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While having the option of full nutritional information would doubtlessly be beneficial, Aoife Barker — former head chef of L'Gueuleton — is adamant that improved food education at primary level is paramount.

"I am totally against this idea as both a chef and as someone studying food education for children," Aoife says. "Educating children on food will create individuals capable of making informed decisions on food choices without the unnecessary burden of calorie counting."

"Obesity is not a result of restaurant dining, it is a result of a lack of food education and a lack of basic cookery skills. Finland halved their childhood obesity rates in the years following an uptake in compulsory food education for all children. Ireland could do the same! We need to change the script on food education in Ireland and move away from dieting and calorie counting, and educate people to enable them with the skills to make better choices."

Echoing Ali’s comments on the importance of unrestricted enjoyment of dining, Aoife notes that "we are witnesses to the destruction caused by calorie counting and attaching shame and guilt to eating. Dining out should be an enjoyable, positive experience, not one burdened with the guilt associated with counting calories."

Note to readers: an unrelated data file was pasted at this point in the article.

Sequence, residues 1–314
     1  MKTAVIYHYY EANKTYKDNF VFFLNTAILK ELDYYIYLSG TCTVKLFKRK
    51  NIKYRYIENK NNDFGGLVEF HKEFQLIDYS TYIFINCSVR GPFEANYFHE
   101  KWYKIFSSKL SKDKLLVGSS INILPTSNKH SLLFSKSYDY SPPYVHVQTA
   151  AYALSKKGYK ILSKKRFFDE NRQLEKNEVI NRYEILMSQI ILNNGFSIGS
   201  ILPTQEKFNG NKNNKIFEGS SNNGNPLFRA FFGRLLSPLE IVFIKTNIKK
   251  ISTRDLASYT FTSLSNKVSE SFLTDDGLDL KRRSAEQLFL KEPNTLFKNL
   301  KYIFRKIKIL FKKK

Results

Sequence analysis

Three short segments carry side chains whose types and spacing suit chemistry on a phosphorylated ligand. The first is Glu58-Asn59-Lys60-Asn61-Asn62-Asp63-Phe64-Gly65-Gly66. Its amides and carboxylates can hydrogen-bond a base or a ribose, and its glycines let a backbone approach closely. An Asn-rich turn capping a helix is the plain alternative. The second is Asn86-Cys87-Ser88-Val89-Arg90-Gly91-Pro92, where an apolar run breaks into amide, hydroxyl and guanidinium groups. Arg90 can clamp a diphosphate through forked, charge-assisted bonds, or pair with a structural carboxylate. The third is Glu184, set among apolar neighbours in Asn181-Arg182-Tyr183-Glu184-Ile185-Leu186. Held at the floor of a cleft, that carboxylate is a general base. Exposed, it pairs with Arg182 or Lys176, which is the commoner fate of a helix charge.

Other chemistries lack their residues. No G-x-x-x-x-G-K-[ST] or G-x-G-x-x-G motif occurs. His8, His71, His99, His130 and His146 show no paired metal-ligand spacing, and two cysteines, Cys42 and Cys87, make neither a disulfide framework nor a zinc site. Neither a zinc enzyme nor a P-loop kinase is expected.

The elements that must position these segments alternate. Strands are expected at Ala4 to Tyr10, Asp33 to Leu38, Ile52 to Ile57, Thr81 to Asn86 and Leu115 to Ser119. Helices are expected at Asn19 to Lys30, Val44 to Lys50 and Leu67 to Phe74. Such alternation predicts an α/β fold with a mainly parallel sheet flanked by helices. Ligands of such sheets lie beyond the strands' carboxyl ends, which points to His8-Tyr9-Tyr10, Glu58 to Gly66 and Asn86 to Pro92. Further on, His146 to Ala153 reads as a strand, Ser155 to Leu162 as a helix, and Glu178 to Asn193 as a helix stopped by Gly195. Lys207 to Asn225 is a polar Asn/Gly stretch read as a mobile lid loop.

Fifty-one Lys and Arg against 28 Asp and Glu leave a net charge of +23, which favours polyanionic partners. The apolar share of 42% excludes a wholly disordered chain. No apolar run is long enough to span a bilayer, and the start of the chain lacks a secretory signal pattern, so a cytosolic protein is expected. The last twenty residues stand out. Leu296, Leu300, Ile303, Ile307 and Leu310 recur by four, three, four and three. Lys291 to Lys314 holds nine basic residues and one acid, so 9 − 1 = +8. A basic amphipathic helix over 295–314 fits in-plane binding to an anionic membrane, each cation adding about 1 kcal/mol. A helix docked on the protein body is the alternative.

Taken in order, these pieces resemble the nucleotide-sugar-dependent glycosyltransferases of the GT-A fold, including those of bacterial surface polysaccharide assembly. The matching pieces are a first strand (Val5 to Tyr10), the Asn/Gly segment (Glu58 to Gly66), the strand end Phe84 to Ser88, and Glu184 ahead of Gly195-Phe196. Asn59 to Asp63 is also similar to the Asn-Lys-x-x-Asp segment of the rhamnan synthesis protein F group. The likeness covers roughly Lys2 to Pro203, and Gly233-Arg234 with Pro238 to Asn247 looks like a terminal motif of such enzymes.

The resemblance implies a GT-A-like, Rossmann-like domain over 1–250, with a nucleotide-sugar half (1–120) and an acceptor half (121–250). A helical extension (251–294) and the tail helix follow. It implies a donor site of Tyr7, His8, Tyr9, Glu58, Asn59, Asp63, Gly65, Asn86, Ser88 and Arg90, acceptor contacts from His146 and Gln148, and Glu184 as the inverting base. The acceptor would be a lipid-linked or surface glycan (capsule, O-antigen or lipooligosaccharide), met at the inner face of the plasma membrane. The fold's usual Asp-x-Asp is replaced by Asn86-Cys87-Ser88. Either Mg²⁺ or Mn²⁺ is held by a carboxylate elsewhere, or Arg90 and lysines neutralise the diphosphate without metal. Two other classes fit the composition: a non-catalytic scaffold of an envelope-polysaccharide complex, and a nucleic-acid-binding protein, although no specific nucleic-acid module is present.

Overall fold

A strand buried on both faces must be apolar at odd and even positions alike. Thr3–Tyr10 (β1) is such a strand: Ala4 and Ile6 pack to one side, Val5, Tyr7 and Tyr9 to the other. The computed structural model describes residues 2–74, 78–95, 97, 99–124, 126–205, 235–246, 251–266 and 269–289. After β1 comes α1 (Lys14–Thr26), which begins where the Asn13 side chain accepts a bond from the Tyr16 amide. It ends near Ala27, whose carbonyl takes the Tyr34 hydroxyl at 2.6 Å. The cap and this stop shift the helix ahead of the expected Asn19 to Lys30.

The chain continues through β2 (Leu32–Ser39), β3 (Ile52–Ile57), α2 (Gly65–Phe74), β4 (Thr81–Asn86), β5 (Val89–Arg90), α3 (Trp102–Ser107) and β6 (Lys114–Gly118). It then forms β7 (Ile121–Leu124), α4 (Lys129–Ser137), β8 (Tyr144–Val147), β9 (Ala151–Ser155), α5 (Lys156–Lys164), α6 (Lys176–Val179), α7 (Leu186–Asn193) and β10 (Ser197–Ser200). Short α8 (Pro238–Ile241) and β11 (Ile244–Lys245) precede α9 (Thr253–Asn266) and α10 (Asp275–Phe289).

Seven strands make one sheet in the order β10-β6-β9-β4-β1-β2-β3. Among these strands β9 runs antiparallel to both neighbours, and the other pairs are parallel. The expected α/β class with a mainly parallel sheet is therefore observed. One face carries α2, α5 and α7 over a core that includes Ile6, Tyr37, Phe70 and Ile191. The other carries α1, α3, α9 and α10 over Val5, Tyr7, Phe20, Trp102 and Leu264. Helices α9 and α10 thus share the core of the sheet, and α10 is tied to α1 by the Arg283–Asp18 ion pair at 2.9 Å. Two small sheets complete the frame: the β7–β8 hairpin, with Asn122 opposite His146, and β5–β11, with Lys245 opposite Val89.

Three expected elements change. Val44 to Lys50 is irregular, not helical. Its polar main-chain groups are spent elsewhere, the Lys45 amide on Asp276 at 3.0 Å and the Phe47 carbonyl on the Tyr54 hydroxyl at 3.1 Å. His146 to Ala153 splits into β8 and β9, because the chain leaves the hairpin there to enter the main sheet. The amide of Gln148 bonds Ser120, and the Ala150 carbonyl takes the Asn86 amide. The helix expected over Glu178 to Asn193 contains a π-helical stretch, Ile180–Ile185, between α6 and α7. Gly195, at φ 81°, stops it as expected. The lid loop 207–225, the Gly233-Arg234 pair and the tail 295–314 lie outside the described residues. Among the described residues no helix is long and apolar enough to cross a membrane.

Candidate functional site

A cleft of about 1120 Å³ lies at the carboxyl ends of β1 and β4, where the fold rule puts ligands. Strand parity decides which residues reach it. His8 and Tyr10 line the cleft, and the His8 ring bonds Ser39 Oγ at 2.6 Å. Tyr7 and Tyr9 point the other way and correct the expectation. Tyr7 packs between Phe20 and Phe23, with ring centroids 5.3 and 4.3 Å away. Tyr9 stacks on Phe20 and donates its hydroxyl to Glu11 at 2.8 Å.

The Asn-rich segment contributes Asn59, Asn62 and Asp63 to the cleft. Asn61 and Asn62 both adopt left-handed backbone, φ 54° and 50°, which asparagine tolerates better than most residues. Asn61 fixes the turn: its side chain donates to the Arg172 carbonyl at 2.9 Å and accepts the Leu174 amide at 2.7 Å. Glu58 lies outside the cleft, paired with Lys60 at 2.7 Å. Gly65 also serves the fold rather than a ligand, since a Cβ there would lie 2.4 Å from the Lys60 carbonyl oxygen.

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Adding yet another financial burden to an already suffering industry, Aoife says that this proposed measure is impractical, and could never provide a truly accurate depiction of calorie content. "We need to educate people to understand food and have a healthy positive relationship with it through positive experiences," she concludes.

"We will be doing a great disservice to our future generations if we enforce calorie counting on them, the time and money should be invested into educating our children on food instead so that calorie counting will not be necessary."

While calorie information on restaurant menus may be beneficial for those actively seeking to lose, gain, or maintain their body weight, this proposed mandatory implementation raises real concerns for those struggling with disordered eating, food guilt, and self-restriction.

In order to get a balanced picture of what it is we’re putting into our bodies, and make informed choices accordingly, an all-encompassing understanding of saturated fats, protein density, vitamin and mineral content is required.

Whether it’s the option of having a separate menu, or QR code with greater levels of nutritional information, it seems as though an improved understanding of food education from an early age is one surefire way to tackle obesity head on.

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The views expressed here are those of the author and do not represent or reflect the views of RTÉ.